Speculist on Tetlock on “Why Politics Makes People Dumb”

It’s a race between the Foxes, who know many things, and the Hedgehogs, who know “one important thing.”  Of course, the problem is that foxes are terrible at long-range analysis, and Hedgehogs frequently know one WRONG thing.

And the Hedgehogs seem to predominate.  For example, as one commenter provides, the political liberal who sees everything military through one particular view of the Vietnam War.  Or, on the conservative side, the dude who sees a black helicopter behind each and every new use of federal power.  (Yes, I know: currently, the liberals are showcasing, rather than being embarrassed by, their nutjobs.  This is a temporary phenomenon suggesting that there’s a move afoot for a political realignment.)

It’s not simply one’s “lens,” or inherent bias, but how one derives one’s worldview as well.

The trick, of course, is to be a “fodgehog,” constantly DERIVING (not “supporting!”  Bad!  That’s hedgehog thinking!) one’s big notions via an array of widely-collected facts.

Which raises another question:  is that my bias as a particular kind of historian speaking?  I have an excellent predictive track record (to the point that I tend to be the go-to guy for folks trying to make sense of things).  But the “fodgehog” idea suggests a strong methodological bias towards synthesis.  As my twin can vouch, synthesis is really good for what I do… not so good for learning calculus.

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  1. Alex

     /  February 14, 2007

    I think the line from Tetlock says it all:
    “Bottom line… The political expert who bores you with an cloud of “howevers” is probably right about what’s going to happen. The charismatic expert who exudes confidence and has a great story to tell is probably wrong.”

    George Carlin had a great line in his stand-up routine about 10 years ago which I find is still true. Listen to someone carefully and most of the time, without fail, you’ll be able to say “Aha! He’s full of shit!”

    There is another great line from Spongebob Squarepants where one of the characters says “Sometimes you say things really loud so that people will think you’re smart and good at what you do” to which point the local evil genius, Plankton, bellowed out loudly “CORRECT!”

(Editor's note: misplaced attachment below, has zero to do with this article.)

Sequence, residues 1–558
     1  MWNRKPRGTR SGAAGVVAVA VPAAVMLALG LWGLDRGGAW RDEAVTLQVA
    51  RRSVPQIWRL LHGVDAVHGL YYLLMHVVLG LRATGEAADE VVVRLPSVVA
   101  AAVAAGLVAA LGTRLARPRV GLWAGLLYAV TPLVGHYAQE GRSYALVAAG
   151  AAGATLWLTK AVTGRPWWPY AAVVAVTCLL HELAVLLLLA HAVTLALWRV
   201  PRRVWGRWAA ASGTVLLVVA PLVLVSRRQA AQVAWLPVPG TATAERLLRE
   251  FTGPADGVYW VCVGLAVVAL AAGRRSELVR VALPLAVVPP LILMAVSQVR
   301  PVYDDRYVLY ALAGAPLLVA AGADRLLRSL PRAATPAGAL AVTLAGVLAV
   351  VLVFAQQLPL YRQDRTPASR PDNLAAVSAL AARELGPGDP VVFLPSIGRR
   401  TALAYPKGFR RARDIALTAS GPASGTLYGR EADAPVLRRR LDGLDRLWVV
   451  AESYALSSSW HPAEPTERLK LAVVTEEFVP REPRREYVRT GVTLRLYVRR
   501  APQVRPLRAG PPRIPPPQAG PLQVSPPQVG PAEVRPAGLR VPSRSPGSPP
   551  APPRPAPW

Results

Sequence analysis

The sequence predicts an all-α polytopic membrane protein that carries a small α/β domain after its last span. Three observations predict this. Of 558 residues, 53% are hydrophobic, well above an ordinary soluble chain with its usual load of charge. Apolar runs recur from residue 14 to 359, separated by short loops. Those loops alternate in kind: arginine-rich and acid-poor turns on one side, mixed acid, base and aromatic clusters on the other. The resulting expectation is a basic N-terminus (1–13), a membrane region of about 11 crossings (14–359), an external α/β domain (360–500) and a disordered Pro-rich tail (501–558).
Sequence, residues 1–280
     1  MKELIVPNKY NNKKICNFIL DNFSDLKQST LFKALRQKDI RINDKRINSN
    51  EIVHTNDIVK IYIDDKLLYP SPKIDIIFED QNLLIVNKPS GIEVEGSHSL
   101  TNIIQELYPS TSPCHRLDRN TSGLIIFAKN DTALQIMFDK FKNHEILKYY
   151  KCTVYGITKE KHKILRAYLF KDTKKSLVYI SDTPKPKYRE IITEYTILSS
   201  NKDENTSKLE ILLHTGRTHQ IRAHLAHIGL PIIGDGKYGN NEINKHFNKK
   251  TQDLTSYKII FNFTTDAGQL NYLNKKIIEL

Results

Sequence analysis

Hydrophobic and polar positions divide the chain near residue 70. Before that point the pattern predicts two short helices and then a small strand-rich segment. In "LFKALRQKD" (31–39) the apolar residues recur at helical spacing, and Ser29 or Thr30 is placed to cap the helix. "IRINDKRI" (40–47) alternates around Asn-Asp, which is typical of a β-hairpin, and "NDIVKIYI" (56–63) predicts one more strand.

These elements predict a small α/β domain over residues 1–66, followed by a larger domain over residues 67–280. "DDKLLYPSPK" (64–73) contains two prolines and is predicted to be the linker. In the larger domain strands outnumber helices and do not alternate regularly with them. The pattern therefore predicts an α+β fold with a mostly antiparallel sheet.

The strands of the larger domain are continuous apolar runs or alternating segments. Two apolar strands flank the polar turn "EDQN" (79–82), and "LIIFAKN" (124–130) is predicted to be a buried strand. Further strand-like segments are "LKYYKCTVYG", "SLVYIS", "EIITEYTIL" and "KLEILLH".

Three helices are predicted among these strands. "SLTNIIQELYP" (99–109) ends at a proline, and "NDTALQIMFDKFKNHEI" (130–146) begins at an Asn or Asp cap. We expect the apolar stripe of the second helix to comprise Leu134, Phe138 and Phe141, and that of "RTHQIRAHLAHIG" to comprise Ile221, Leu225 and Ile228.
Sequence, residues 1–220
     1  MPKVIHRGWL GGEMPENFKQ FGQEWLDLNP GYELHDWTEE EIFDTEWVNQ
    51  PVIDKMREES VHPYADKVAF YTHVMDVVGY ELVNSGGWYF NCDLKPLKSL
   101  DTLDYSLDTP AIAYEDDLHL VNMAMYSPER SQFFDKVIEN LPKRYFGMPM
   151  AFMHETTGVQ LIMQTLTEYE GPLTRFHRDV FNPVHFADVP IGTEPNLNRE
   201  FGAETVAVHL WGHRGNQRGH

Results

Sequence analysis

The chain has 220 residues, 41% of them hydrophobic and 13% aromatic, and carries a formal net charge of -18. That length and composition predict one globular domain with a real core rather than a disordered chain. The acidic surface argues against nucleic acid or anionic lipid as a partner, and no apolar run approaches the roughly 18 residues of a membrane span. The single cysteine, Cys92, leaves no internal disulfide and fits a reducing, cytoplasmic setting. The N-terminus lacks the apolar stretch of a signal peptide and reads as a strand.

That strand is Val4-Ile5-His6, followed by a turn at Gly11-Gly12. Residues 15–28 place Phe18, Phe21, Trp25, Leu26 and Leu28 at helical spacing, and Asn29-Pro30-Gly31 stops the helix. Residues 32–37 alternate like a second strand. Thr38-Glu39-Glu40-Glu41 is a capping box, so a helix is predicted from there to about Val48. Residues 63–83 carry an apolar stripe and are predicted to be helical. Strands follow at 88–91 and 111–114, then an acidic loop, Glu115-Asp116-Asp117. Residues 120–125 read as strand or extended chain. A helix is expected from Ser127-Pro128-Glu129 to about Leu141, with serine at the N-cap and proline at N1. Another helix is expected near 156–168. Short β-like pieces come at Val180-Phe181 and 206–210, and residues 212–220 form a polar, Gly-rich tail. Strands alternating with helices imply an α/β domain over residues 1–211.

Since politics is the game of convincing others that you’re right and that your interests are equal to or better than theirs – the charismatic ones play the game best but aren’t necessarily idiots. They’re just putting more effort into getting that one thing really right to serve their needs than making sure that what they’re proposing is correct. It’s more selfishness than stupidity. So those that speak loudly and convincingly about one topic are just more motivated to get their point across than the “foxes” who want to look at every angle.

    Therefore – the ultimate in leadership or being really dangerous is to be someone who borrows from everything but can speak convincingly about all of them when needed. It’s not quite a “Fodgehog” as you describe, but rather the perfect blending of a synthesist, an analyst, and a demagogue.

  2. Convivialdingo

     /  February 14, 2007

    Why limit this to Politics? I find more and more that my fast-held constraints from 10 years ago are incorrect or misleading.

    I analyze problems according to checks, or more properly as known restraints – simular to terminal velocities or physics constants. What I see happening is that, socially & politically, these restraints seem solid in the short term but rather elastic in the long term.

    Even in my world of information tech I’ve seen these restraints broken over and over – and it’s fascinating to see what the tradeoffs are.